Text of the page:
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release their emotions. the teacher ask what does the word violence mean. some talk about arguments with with classmates. >> my friends recognized his chest with fireworks. so he burned himself. >> my brother was killed. a shell hit his house. army soldiers came and raided and burned our house. >> then it's time for the children to put their memories and feelings into drawings. the fighting dominate. some want to show me how some handle athletes raids. others show how to fight these groups. and it's a member funded by $25,000 grass from the sash
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government stalledders and old trains to provide psychological report. >> our coal is to bletch in the there's of hour feelings, so they gape a sense of control over them, which helps in the coping process. the cells are being suppressed by 65 children. many children are not going to school, and many live extreme circumstances. >> reporter: around 150 children have participated in workshops like this one. some of them are surviving traumatic stress disorder including lack of sleep and eating disorder. they need help. but there aren't enough
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psychiatrics, hotels, or even food for the syrian refugee. they may bay for it now, but this will always be part of their lives. >> this just in. we're told president obama will be speaking from the white house press briefing room. he's expected to address the cruise in ukraine, and of course we'll bring you the memor the u. a raids with held in china and 13 babies were rescued. babies were reportedly bought for little more than $3,000. taking down a financial
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operation fraud. they arrested 110 people. the ukraine is cracking down on the broiler rooms where traders sell fake stocks to british retirees for emore husband profits. police have found at least 50 victims in the u.k. and in uganda, the world bank decided to postpone a loan because of a recent law making home cementality illegal. it's up to a fifth of husban the country as well. >> it's called one of the toughest anti-gay laws in the world. earlier this week uganda's president signed the controversial act. it said many offenses are punishable with life in prison. now many are not happy.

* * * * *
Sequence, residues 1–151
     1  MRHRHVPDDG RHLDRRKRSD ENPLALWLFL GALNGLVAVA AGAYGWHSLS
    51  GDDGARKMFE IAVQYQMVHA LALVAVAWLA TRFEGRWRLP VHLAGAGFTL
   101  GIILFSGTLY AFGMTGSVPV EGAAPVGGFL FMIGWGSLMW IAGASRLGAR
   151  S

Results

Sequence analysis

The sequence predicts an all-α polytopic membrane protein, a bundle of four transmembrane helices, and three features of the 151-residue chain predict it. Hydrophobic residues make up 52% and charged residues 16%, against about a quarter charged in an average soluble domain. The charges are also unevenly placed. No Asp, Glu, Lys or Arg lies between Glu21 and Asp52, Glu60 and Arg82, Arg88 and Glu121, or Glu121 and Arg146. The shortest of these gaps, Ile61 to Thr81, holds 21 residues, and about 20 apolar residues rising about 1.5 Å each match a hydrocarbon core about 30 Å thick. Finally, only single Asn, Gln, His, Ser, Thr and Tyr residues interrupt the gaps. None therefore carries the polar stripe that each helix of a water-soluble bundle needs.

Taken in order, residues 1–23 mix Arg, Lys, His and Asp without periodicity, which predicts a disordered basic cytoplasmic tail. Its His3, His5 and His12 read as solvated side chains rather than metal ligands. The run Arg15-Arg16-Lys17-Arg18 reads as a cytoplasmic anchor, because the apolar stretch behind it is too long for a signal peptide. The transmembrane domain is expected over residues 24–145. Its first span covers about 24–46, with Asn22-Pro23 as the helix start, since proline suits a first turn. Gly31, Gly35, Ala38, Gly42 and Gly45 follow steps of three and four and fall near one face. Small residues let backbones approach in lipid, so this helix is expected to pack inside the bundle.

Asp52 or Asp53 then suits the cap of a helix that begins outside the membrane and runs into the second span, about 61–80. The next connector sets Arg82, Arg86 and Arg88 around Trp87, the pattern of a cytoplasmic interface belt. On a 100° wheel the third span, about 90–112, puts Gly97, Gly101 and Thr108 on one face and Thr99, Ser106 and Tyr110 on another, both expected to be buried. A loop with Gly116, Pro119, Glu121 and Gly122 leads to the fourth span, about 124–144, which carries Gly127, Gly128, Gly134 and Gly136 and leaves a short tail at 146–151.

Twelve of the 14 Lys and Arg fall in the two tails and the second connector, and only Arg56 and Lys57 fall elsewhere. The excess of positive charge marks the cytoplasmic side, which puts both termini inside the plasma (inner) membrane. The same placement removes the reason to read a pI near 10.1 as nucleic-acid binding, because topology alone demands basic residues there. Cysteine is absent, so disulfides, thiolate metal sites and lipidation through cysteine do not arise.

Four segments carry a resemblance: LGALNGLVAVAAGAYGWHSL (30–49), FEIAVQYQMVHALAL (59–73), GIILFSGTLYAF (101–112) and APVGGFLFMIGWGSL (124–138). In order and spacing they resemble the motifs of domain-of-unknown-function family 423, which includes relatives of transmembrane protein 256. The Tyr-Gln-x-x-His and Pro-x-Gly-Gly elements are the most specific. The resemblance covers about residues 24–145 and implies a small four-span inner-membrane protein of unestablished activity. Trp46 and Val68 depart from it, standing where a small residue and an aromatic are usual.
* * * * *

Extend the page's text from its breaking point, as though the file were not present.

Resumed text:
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>> this is a very big move. i think it's a courageous decision, and it shows a bit of a shift, learning about the mistakes they learned in the past by having too extreme a view of what the economy should be, and this is staying that we have to look at the social impact of our policies. >> ends to up $90 million, and worth in total $1.5 million. but uganda relies on foreign aid for up to 40% of its annual budget. this week the swedish foreign minister said they are considering a late package. it's from one of the many donors who say that the funds interfe
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interfere. many people here support the new law, and many are slightly baffled by the reaction of the donors. they never made much noise, and the cries of the gay rights play right into the hands of the proponent of the new law. they claim that the west has an agenda to promote homosexuality in uganda. and the new law says that is illegal too and it could be used against any gay rights activists. several were identified by a tabloid this week and now many believe they live in fear from getting lynched. >> while uganda is a great country with values, but to stop
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the promotion of homosexuality in our country. >> and it makes them more popular at home. to many the international donors the new law has crossed the line. mall come web, al jazeera, uganda. >> a deadly stand off in florida between a gunman and a swat team. maria has more. >> thanks, tony. a man with a gun outside of a courthouse in florida has died after a two-hour stand off for a swat team. it's not clear of what happened or if he was shot by exercise. law enforcements tries to negotiate with the man. but he took off on foot. a jury will find injury yes kennedy not impaired while
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driving. shshe was found slumped over a driving wheel. a man will remain in prison. miranda and her husband are charged with the murder of 42-year-old troy. a judge denied her request to be transferred to another bris saying the international attention to her story has interrupted it's efficiency. debby, wife of representative john dingell will run for her husband's democratic seat. the 87-year-old congressman announced his retirement after shoeing 58 years in the house. and in california a panel of